11.3.1 TheMixture Distribution 293

11.3.2 The LikelihoodComponent 295

11.3.3 Algorithm 296

11.3.4 Unequal Variances 297

11.4 MultivariateProbit Analysis 297

11.4.1 TheModel 299

11.4.2 Identification 300

11.4.3 Estimation 300

11.4.4 Tests of Fit 301

11.4.5 Illustration 302

11.5 Multilevel IRTModels 306

11.5.1 The RaschModel 306

11.5.2 The Two-parameter LogisticModel 308

11.5.3 Estimation 308

11.5.4 Illustration 309

12 Test and Scale Development and Maintenance 311

12.1 Introduction 311

12.2 Item Banking 311

12.3 Item Calibration 314

12.3.1 The OEMMethod 315

12.3.2 TheMEMMethod 315

12.3.3 Stocking’sMethod A 315

12.3.4 Stocking’sMethod B 316

12.4 IRT Equating 318

12.4.1 Linking, Scale Aligning and Equating 318

12.4.2 Experimental Designs for Equating 319

12.4.2.1 SingleGroup (SG)Design 319

12.4.2.2 Equivalent Groups (EG) Design 319

12.4.2.3 Counterbalanced (CB) Design 319

12.4.2.4 The Anchor Test or Nonequivalent Groups with Anchor Test (NEAT) Design 319

12.5 Harmonization 320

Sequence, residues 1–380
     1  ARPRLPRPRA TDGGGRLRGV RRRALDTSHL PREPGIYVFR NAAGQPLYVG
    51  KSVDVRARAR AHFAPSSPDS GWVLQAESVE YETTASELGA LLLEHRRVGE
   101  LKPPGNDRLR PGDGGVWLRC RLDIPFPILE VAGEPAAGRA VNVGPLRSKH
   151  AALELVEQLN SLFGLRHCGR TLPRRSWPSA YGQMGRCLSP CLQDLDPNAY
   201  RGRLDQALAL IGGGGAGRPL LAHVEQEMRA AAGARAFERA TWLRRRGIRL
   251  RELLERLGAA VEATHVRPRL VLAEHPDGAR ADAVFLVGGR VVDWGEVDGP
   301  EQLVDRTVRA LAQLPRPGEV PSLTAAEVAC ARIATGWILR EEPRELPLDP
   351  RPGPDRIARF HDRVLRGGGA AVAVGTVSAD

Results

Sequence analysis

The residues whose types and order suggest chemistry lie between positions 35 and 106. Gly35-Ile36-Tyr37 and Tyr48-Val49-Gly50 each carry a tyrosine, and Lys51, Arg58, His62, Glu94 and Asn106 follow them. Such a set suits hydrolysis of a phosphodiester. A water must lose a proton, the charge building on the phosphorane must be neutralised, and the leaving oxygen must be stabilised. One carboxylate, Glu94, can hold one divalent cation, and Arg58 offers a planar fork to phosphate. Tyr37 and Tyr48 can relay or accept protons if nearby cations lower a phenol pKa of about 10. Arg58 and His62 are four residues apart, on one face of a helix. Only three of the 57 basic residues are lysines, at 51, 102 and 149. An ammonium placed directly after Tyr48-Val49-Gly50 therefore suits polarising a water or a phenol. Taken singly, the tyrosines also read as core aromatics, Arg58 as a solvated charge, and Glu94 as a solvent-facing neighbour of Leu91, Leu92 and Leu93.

12.6 Item Parameter Drift 322

12.7 Summary 323

13 Some Interesting Applications 325

13.1 Introduction 325

13.2 Bio-behavioral Synthesis 325

13.3 Mental HealthMeasurement 328

13.3.1 The CAT-Depression Inventory 328

13.3.2 The CAT-Anxiety Scale 330

13.3.3 The Measurement of Suicidality and the Prediction of Future Suicidal Attempt 331

13.3.4 Clinician and Self-rated Psychosis Measurement 332

13.3.5 Substance Use Disorder 334

13.3.6 Special Populations and Differential Item Functioning 335

13.3.6.1 Perinatal 335

13.3.6.2 Emergency Medicine 336

13.3.6.3 Latinos Taking Tests in Spanish 336

13.3.6.4 Criminal Justice 338

13.3.7 Intensive LongitudinalData 339

13.4 IRT inMachine Learning 340

Bibliography 343

Index 361

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R. Darrell Bock
Robert D. Gibbons University of Illinois at Chicago.